3 March – December 2018
Abbey House Museum
People can remember their loved ones in many different ways. Victorians created mourning jewellery or scrapbooks. Today we might make photo albums or use cremation ashes to create a china cup or vinyl record. The most everyday objects can become significant when someone dies. Any object – a clothes peg, book, or a plant – can remind us of the person we’ve lost.
Do you own objects that remind you of someone who has died? How else do you remember them? Are there particular places, music, smells or things you do that help you keep their memory alive? Or do you choose not to remember those who have died?
This new display, co-curated with Abbey House Museum and the University of Leeds, reflects on how commemoration has changed since the Victorian era and features contributions from people in contemporary Leeds.
We are grateful to the many people who shared their stories with us, whether directly or through the records they left behind. Thanks to the following groups and their members for donating stories or items: Leeds Gypsy and Traveller Exchange (GATE); Leeds GATE Archives; Caring Together (Woodhouse and Little London); The Living with Dying family historians group; Sikh Elders; Satwant Rait. Thanks also to Michelle Duxbury for the photography.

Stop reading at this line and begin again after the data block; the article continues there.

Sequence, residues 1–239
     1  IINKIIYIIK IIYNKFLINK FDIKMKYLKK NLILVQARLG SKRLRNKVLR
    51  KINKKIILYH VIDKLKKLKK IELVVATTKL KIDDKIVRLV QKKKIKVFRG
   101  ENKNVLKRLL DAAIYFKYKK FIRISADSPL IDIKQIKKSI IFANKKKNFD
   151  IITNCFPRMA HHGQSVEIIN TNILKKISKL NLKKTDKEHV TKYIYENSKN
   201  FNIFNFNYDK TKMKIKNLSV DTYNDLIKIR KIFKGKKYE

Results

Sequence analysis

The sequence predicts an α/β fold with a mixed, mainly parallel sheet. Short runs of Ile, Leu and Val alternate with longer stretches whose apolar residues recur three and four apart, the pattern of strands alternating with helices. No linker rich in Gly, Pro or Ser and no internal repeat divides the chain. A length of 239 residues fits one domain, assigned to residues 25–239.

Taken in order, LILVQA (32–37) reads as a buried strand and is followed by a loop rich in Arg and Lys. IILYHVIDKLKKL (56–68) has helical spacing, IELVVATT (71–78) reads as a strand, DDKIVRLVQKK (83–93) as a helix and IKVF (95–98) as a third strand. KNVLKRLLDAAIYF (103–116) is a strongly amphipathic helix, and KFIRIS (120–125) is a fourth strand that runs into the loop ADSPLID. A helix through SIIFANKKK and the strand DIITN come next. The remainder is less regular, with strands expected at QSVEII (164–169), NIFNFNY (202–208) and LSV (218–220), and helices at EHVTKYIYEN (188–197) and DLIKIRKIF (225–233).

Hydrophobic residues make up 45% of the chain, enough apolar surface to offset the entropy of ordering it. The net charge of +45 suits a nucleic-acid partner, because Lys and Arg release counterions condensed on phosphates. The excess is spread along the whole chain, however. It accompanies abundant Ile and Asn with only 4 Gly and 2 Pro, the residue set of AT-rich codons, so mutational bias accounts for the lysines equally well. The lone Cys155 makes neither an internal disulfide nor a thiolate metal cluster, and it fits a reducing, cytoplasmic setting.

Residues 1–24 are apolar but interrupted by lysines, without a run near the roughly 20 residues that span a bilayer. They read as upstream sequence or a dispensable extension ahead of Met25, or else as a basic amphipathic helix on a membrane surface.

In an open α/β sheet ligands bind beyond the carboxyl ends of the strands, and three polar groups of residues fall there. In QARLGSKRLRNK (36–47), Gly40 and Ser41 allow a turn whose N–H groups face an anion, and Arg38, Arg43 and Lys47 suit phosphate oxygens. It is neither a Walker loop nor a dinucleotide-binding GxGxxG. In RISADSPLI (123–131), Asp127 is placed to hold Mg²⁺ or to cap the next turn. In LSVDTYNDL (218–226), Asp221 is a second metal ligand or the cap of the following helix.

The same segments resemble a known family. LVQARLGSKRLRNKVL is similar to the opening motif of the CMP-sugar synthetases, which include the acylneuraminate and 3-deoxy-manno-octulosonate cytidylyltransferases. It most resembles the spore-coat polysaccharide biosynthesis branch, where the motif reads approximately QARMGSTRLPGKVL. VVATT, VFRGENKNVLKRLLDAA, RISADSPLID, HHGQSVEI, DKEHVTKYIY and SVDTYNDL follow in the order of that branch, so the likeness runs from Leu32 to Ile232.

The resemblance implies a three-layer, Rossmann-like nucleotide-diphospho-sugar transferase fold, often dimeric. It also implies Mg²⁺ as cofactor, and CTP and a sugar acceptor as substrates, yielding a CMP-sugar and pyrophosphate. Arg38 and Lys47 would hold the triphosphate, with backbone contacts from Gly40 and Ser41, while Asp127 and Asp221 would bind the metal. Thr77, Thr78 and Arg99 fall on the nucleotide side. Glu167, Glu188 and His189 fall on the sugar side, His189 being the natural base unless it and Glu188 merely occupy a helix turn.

Ellie Harrison and Roshana Rubin Mayhew have generously contributed a part of What is Left?, from The Grief Series, to the exhibition, and Catherine Hawthorne has sharing her story as part of this. You can find out more about this artwork here.
We will be holding a series of events in connection with this exhibition; you can find the events programme here.
And you can see recent blog posts about the objects and stories which feature in the exhibition here.
Abbey House museum lets you step back in time and wander through the enchanting streets, shops and houses and experience life as a Victorian. On the ground floor visit Stephen Harding Gate, the 19th century equivalent of a modern high street for some old fashioned retail therapy. In the back streets, see the home of the window washer woman or pop into the Sunday-School. A fun, family-friendly and interactive museum.